- As Supreme Court honours Niki Tobi
Four past Chief Justices of Nigeria, past justices of the Supreme Court, former and serving justices of the Court of Appeal, heads of courts and other notable personalities last Monday paid tribute to the late Hon. Justice Niki Tobi at a special court session held in his honour at the Supreme Court in Abuja. This is even as an erstwhile Attorney General of the Federation and Minister of Justice, Chief Kanu Agabi (SAN) amidst the recent controversies bedeveling the judiciary in Nigeria insists that any country which ridicules its judiciary plans to fail. LILLIAN OKENWA reports.
“The one who made him judge over us now sits in in judgment over him. The titles he held in our midst are now of no account. He stands before the one who is able to behold the spirit in all its nakedness…” That was part of the opening statement of a former Attorney General of the Federation and Minister of Justice, Chief Kanu Agabi (SAN) who paid tribute to the late Hon. Justice Niki Tobi (JSC) on behalf of the Body of Senior Advocates’ Chief Richard Akinjide (SAN).
Describing the late jurist as a man of high character who lived without fear, Agabi noted with a tinge of regret that “no more shall that courageous voice… be heard in our courts.”
But it was also a day of encouragement for the judiciary and counsel for the other arms of government as Chief Agabi told the Acting Chief Justice of Nigeria (CJN), Hon. Justice Walter S.N. Onnoghen and other jurists not to be intimidated by the current travails of the judiciary.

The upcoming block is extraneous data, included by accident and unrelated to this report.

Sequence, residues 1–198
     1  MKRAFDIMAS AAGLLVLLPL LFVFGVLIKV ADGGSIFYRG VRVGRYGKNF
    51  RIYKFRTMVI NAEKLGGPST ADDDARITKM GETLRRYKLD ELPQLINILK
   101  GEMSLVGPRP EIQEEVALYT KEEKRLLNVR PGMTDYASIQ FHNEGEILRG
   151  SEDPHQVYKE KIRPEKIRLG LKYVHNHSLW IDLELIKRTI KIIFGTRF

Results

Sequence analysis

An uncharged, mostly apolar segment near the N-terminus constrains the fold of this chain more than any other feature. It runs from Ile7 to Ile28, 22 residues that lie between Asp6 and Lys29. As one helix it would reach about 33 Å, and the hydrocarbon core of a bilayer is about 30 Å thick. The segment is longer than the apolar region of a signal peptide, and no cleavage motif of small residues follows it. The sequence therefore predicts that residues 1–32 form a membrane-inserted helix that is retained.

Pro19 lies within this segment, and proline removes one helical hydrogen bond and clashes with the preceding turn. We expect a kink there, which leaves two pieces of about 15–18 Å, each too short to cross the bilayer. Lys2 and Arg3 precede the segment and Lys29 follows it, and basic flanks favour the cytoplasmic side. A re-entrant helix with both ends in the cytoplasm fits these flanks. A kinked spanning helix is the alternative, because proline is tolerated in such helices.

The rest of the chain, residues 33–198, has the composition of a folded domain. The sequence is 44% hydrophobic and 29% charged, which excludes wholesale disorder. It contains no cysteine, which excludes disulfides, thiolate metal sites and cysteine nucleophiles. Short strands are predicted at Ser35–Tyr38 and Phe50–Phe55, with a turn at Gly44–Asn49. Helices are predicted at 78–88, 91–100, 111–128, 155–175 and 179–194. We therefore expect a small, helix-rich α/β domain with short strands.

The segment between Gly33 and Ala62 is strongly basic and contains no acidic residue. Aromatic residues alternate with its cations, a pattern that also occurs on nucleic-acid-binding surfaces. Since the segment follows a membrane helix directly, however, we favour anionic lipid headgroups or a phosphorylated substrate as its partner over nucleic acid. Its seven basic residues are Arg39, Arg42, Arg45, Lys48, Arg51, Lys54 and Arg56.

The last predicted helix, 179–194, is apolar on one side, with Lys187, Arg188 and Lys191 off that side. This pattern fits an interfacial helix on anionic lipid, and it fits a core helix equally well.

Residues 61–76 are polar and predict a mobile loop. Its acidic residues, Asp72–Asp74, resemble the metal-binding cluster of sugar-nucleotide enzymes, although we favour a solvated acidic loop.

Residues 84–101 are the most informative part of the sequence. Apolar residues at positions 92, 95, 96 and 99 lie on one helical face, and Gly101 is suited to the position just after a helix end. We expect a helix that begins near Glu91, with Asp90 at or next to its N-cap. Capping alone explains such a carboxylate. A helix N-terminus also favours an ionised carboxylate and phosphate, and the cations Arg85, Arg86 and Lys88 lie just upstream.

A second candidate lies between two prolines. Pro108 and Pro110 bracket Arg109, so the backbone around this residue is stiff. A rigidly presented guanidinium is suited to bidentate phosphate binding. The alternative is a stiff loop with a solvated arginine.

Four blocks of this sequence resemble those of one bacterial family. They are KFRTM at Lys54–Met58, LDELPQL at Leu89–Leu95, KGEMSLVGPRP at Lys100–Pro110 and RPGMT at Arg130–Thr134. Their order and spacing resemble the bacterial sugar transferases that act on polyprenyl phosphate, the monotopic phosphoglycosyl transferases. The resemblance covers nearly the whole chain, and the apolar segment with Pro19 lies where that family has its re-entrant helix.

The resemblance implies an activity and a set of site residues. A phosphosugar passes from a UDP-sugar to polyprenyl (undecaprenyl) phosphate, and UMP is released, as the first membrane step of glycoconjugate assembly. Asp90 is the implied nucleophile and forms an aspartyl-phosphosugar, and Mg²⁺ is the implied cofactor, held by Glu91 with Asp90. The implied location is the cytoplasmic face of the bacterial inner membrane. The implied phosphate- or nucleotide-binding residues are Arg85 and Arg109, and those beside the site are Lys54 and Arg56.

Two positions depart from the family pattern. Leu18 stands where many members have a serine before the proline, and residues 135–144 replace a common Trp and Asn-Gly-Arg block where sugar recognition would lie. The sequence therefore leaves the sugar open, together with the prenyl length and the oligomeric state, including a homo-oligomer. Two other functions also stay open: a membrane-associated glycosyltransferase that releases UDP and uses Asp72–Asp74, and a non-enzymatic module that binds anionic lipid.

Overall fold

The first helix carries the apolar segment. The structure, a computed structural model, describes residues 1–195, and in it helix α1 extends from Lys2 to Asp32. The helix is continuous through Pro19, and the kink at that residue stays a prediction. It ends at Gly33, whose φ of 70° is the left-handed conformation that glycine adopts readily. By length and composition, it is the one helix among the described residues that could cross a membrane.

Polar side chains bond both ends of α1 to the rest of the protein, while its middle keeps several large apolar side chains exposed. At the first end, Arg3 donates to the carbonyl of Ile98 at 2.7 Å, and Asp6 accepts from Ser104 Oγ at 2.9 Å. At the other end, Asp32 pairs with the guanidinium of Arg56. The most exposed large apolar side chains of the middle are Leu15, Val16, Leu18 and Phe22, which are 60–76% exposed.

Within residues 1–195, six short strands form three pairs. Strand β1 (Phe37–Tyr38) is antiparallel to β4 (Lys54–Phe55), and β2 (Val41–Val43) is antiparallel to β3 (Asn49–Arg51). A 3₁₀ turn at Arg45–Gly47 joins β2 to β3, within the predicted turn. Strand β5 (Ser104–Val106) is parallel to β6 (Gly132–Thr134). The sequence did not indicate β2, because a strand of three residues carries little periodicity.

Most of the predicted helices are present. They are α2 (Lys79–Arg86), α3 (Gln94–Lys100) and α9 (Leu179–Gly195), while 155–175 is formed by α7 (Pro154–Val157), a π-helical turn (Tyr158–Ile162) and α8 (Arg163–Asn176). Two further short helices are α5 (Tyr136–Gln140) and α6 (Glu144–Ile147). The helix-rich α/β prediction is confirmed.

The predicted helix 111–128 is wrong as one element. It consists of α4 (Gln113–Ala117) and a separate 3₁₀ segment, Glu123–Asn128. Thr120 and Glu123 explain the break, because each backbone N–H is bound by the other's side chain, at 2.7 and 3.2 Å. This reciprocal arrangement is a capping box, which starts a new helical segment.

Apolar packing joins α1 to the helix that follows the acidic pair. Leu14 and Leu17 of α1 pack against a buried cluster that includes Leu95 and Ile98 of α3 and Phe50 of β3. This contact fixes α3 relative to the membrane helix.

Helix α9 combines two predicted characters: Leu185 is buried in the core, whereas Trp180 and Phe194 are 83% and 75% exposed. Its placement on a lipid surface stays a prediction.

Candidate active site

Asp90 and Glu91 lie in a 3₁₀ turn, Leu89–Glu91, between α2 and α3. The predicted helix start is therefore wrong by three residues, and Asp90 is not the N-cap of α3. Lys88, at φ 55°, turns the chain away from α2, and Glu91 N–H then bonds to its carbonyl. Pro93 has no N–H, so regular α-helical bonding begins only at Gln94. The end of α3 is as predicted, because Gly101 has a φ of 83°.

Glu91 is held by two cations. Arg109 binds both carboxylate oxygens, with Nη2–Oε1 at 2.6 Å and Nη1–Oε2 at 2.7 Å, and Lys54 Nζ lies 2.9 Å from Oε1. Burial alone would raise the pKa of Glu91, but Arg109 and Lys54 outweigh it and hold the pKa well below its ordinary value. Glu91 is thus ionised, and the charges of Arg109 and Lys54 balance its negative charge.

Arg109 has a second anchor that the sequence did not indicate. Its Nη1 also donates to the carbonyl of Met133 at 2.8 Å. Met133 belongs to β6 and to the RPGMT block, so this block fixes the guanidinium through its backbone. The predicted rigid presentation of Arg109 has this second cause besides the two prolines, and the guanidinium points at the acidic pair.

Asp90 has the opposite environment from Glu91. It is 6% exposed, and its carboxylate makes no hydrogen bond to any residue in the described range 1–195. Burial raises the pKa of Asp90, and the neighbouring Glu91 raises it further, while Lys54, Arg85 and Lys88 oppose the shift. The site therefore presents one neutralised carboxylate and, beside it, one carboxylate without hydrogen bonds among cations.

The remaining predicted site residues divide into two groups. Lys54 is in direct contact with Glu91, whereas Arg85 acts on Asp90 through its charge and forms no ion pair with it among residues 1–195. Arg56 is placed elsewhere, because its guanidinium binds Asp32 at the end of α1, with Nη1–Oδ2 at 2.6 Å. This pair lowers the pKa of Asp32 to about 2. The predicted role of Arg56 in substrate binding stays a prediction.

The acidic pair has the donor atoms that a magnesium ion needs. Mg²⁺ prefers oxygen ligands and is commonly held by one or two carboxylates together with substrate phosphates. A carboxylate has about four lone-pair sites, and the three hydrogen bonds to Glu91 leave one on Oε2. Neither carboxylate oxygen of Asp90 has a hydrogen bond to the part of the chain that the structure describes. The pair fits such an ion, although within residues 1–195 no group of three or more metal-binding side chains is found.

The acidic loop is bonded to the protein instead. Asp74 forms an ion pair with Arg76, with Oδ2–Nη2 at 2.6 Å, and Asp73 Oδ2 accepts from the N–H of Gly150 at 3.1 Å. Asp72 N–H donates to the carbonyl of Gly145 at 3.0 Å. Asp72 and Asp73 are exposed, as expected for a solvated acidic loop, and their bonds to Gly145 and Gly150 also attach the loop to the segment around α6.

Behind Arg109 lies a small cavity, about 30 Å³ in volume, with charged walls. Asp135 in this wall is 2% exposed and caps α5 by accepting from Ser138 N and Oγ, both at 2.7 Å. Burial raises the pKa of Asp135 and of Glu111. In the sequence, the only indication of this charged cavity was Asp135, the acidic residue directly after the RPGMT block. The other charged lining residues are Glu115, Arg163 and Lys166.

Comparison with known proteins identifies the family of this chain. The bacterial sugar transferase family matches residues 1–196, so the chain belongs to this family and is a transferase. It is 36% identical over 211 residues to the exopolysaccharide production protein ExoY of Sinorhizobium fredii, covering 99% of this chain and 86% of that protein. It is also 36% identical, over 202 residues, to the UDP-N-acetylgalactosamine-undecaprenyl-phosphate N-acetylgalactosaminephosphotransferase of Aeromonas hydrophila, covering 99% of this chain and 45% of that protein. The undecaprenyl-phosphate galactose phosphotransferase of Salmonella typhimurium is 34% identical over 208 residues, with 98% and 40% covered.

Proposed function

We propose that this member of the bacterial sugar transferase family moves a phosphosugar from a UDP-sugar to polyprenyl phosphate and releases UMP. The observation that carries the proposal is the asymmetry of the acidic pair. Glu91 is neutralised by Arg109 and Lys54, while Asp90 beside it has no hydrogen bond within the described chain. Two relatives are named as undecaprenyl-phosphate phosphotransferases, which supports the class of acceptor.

Stressing that no nation has a perfect judiciary the former Justice Minister pointed out that Nigerian judges are not inferior to judges of other nations.
“Our judges are the equals of the judges of other nations. That is not to say that they are perfect. No nation has a perfect judiciary. It is to our judiciary that we owe the continued survival of the nation. And so our judges must not lose confidence in themselves. Nothing that has happened or is happening should cause the judiciary to lose confidence in itself.
“The vast majority of our judges are intelligent, principled, patriotic and just. I can say with confidence that in many respects they surpass the judges of other nations. The few who fail to meet our standards provide the proof that it is a human institution…”
Chief Agabi further asserted that attention may be drawn to the weakness